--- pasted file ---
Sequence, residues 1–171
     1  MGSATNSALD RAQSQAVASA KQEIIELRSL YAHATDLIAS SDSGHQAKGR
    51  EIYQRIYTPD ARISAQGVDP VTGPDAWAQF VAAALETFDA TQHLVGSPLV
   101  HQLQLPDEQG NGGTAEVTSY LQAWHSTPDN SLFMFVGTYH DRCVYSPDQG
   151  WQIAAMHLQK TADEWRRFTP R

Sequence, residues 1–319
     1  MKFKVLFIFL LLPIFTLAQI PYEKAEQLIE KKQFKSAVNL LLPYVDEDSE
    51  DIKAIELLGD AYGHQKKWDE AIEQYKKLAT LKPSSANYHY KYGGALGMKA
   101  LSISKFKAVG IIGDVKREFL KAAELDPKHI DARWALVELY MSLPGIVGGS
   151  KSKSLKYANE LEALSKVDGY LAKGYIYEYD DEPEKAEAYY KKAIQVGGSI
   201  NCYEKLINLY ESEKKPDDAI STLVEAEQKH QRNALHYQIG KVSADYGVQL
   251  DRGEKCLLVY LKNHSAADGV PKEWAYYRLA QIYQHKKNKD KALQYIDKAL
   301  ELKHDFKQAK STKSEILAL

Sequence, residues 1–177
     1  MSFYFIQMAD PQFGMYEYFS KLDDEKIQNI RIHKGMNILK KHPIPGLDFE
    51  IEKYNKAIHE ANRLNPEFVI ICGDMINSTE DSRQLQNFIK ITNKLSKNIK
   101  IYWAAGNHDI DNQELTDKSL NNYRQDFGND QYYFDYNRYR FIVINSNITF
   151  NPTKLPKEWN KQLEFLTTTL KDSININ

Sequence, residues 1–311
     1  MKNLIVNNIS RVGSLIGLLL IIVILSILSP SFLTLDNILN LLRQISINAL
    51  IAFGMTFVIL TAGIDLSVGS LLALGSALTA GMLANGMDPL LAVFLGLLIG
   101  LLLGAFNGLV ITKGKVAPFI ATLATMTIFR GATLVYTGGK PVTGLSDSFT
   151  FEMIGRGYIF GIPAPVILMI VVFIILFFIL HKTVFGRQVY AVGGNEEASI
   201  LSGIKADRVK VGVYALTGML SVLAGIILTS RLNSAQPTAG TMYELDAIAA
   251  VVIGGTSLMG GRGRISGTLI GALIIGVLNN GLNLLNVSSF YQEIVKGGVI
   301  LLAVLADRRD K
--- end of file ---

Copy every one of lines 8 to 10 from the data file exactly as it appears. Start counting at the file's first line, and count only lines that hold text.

    51  DIKAIELLGD AYGHQKKWDE AIEQYKKLAT LKPSSANYHY KYGGALGMKA
   101  LSISKFKAVG IIGDVKREFL KAAELDPKHI DARWALVELY MSLPGIVGGS
   151  KSKSLKYANE LEALSKVDGY LAKGYIYEYD DEPEKAEAYY KKAIQVGGSI